Great moments in public sector economics

I’ve got some observations at Cato at Liberty about the arguments one Montgomery County, Md. councilman has made for a public takeover of local electric utility Pepco — as well as some background about the trade-off often found between leafy splendor and storm-outage resilience in residential settings.


  • Your links are a little broken in the Cato article…

    It’s unfortunate that corporations don’t like to antagonize the politicians that do that sort of thing. If I was Pepco, I’d put up billboards all over the county saying, “Hey, we tried to take care of this before the storm, but this guy stopped us.” I mean, if I was a suicidal corporation, I’d do that sort of thing.

  • I wish politicians were required to take some basic economic classes. There are three problems with this idea:
    First. If they take it over by use of eminent domain, they still need to fairly compensate the current owners. Where would they get the money — borrow it with interest and pay it back from future revenues? This will reduce the $200 million in claimed dividends.
    Secondly. The assumption is that those dividends go no where. They go into retirement and pension funds, health and life insurance funds, and social group investments. Utilities are considered safe investments. So you would be taking funds from old people.
    Thirdly. Not all dividends are paid out. Some are retained to pay for future needs instead of borrowing money.

  • >Your links are a little broken in the Cato article…

    Broken links fixed now, thanks for alerting.

  • In the past, government-owned utilities and/or their customers have enjoyed tax advantages not available to privately-owned utilities. I do not know if this bias is still in place.
    Even the tax advantages, however, are often not enough to compensate for the inefficiencies of political ownership.

  • I hear you. Ultimately, the Pepco is a slightly different animal for this calculus because it is not a regular player in the free market economy. So the arguments as to whether it should be privately or publicly owned are different.

    The idea that the $200 million in dividends is free money for the taxpayers is obviously overly simplistic. I wrote a blog post about this in a similar context yesterday on the issue of whether the city should handle their own litigation in house instead of hiring outside lawyers.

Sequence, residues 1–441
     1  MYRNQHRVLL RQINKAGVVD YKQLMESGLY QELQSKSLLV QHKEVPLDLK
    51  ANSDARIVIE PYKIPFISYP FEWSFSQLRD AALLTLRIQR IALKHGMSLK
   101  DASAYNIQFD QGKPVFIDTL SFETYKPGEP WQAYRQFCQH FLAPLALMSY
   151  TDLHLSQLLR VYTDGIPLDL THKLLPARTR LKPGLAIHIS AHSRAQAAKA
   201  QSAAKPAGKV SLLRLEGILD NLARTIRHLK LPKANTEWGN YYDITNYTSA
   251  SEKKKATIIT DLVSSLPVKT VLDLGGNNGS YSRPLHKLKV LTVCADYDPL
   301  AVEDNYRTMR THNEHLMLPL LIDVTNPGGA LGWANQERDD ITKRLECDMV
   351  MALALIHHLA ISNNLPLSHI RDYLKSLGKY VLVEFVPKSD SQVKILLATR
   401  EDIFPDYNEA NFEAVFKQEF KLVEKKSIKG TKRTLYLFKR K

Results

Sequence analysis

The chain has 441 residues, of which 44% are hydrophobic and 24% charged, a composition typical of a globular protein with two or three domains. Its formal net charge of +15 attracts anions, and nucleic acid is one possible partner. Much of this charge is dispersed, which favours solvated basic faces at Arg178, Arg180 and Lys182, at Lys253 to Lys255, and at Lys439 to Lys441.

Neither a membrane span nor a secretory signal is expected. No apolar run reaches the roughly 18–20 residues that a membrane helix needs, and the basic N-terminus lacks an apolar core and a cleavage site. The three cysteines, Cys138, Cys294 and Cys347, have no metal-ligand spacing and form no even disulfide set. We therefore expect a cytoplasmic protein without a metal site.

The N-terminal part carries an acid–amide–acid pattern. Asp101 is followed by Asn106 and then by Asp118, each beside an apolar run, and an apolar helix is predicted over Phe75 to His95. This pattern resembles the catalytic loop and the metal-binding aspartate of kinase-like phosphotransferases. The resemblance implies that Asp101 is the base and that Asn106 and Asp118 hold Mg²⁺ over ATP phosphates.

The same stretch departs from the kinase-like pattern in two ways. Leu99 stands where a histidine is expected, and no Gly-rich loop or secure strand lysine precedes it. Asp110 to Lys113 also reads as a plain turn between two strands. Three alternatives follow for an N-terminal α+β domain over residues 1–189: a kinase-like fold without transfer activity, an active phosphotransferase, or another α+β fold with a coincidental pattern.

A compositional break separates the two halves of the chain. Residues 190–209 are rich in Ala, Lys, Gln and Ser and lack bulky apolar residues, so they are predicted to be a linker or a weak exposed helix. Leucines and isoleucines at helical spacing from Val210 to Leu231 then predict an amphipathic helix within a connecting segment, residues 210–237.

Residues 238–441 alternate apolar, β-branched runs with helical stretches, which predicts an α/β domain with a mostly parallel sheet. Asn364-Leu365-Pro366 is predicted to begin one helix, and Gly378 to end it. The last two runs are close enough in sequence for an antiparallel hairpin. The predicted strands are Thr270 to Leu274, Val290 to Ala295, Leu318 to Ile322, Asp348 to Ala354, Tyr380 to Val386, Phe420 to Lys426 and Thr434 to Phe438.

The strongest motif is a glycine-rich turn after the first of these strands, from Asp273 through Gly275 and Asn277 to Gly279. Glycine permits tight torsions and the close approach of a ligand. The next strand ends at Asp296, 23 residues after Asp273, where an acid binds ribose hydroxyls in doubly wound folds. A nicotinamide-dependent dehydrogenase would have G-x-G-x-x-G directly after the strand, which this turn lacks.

People hate PEPCO and BGE in Maryland after the storm because they don’t have the resources to deal with the rare disaster. But do we really want to pay utility bills that leave them on ready alert for these once in a year type things? My guess is no.

  • My hometown has had municipal power since 1902, when it backed investors to build a power-generating dam across the Connecticut River. It’s expanded into gas and Internet services, though as I no longer live there, I’ve no idea how competitive the rates nor how the would-be competition views them.

    As the city alternates between last and second-last place in the MA economics charts, I suspect no one is really looking to push them out.

  • Years ago I worked with a company that in a real bean counter epiphany fired all of their in-house counsel except their lowest paid lawyer. The plan was for this last man standing to hire attorneys to defend them as necessary. There was a reason this person was the lowest paid, he was also the least competent, but he knew that cost was the divining factor. So he retained incompetent birds of a feather. The only lawsuit I shared with them we escaped with a hung jury. The only one we came even close to losing in our twenty-five year relationship.

    With regard to the post-storm problems, all of the power companies around here, big and small, have interlocking agreements with other power companies around the country to provide assistance in the event of a calamity. If PEPCO didn’t have such arrangements in place then they have more problems than an errant councilman.

  • Here (Snohomish County, Washington, about 15 miles north of Seattle) we have the Snohomish County Public Utility District. Back in the 70’s, we would have power outages of up to a week after the typical once every 3-5 year wind storm. Day long outages were quite common.